Why It is one sample test?

Dason

Ambassador to the humans
#2
You flip a coin 10 times and get 7 heads. That also means you had 3 tails. You could lay that out in a table that said

Heads: 7
Tails : 3

and using the same logic you used we would have 2 proportions here as well. But really the sample size is fixed so if you know one of the numbers then you know the other. There is really only one proportion that matters here.

Another way to think about it: If the problem instead said that they took a random sample of 100 students and the result was that 58 said to extend the school year into summer. Would this sound like just one-proportion now? You could figure out the # of students (and thus the proportion) that disagree with that statement but it's still just a "one-proportion" problem right?
 
#4
You flip a coin 10 times and get 7 heads. That also means you had 3 tails. You could lay that out in a table that said

Heads: 7
Tails : 3

and using the same logic you used we would have 2 proportions here as well. But really the sample size is fixed so if you know one of the numbers then you know the other. There is really only one proportion that matters here.

Another way to think about it: If the problem instead said that they took a random sample of 100 students and the result was that 58 said to extend the school year into summer. Would this sound like just one-proportion now? You could figure out the # of students (and thus the proportion) that disagree with that statement but it's still just a "one-proportion" problem right?
Thank you very much Dason, you made me understand completely.
 
#5
You flip a coin 10 times and get 7 heads. That also means you had 3 tails. You could lay that out in a table that said

Heads: 7
Tails : 3

and using the same logic you used we would have 2 proportions here as well. But really the sample size is fixed so if you know one of the numbers then you know the other. There is really only one proportion that matters here.

Another way to think about it: If the problem instead said that they took a random sample of 100 students and the result was that 58 said to extend the school year into summer. Would this sound like just one-proportion now? You could figure out the # of students (and thus the proportion) that disagree with that statement but it's still just a "one-proportion" problem right?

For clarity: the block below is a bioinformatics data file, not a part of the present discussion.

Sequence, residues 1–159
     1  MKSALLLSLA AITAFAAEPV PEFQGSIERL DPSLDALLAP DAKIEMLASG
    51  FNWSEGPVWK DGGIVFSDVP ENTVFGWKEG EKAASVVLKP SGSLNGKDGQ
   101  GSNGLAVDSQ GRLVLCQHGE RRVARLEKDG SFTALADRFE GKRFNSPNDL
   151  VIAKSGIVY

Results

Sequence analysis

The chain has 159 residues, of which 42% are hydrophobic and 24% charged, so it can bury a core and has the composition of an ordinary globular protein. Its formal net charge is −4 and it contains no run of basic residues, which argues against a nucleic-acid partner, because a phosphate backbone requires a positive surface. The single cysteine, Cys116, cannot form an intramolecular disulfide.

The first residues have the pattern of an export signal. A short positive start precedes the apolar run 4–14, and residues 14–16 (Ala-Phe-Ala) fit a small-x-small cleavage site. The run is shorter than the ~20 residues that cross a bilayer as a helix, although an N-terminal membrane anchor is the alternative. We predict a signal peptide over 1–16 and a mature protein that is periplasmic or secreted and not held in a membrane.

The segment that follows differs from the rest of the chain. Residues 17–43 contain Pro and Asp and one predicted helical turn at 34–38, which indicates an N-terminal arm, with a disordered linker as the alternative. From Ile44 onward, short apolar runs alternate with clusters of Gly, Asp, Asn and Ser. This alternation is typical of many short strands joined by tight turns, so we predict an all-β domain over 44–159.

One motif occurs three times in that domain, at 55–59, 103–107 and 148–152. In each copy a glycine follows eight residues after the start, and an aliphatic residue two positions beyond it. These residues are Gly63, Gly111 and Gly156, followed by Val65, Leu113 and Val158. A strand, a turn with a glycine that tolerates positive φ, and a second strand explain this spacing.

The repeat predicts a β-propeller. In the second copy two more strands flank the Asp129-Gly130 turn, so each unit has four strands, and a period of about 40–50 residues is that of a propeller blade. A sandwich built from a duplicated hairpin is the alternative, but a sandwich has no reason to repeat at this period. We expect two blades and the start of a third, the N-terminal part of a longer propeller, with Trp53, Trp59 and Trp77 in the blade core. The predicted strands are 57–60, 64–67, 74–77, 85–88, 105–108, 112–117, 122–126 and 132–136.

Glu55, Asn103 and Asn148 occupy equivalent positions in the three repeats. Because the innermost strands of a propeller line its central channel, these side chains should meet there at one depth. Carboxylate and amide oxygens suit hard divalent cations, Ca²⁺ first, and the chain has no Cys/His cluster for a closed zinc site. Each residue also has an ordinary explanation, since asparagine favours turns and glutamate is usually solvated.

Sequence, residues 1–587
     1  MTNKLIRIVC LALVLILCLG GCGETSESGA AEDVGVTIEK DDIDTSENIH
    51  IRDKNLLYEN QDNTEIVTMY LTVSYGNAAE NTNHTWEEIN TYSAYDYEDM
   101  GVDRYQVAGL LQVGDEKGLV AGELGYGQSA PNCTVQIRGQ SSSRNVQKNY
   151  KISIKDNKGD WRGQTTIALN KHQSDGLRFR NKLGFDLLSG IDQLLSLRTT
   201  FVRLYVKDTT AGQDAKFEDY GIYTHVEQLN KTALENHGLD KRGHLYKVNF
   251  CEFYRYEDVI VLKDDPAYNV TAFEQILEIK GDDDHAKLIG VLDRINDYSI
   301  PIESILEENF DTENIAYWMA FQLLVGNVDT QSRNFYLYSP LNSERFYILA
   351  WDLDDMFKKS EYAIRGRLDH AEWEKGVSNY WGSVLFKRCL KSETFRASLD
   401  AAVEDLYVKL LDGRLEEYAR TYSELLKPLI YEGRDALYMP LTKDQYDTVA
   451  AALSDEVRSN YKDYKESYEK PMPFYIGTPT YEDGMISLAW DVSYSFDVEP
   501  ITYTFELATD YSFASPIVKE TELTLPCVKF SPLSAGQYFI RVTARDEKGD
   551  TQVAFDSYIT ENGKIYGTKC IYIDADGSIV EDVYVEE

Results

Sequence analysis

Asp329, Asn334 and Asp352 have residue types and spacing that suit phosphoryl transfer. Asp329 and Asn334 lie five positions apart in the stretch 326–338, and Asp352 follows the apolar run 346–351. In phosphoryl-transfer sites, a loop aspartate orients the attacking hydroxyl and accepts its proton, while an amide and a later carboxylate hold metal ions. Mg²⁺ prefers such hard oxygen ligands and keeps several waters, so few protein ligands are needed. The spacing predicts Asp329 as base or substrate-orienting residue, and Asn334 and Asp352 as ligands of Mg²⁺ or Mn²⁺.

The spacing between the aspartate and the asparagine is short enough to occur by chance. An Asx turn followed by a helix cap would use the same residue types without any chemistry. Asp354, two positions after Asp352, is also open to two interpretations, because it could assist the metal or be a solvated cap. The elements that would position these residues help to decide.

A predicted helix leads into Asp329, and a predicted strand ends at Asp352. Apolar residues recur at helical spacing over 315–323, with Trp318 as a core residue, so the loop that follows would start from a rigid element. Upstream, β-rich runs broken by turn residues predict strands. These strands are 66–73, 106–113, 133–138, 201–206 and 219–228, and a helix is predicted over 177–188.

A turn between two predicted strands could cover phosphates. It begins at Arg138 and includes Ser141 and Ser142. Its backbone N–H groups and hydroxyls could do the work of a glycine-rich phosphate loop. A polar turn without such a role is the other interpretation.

I have one more question if you have time to answer.
The answer key is C, I choose D, still do not understand why the answer is C. Thank you.
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Dason

Ambassador to the humans
#6
I don't think (D) is completely wrong. It depends on what the wording in that answer actually means. I think the intent was just that there might be some variability in the odometer readings. But if the inaccuracy is in such a way that it would provide a result that is biased then it's questionable whether the resulting phrase "the estimate should be fairly close to the actual distance" would be an accurate statement.

However (C) is probably the "most" wrong because the "actual" distance isn't a variable here. The actual distance is a parameter that we want to estimate and that distance isn't changing. There is a "true" distance and we are just trying to estimate it.
 
#7
I don't think (D) is completely wrong. It depends on what the wording in that answer actually means. I think the intent was just that there might be some variability in the odometer readings. But if the inaccuracy is in such a way that it would provide a result that is biased then it's questionable whether the resulting phrase "the estimate should be fairly close to the actual distance" would be an accurate statement.

However (C) is probably the "most" wrong because the "actual" distance isn't a variable here. The actual distance is a parameter that we want to estimate and that distance isn't changing. There is a "true" distance and we are just trying to estimate it.
thanks again. The actual distance is the parameter that can not be variable. It is a fixed number.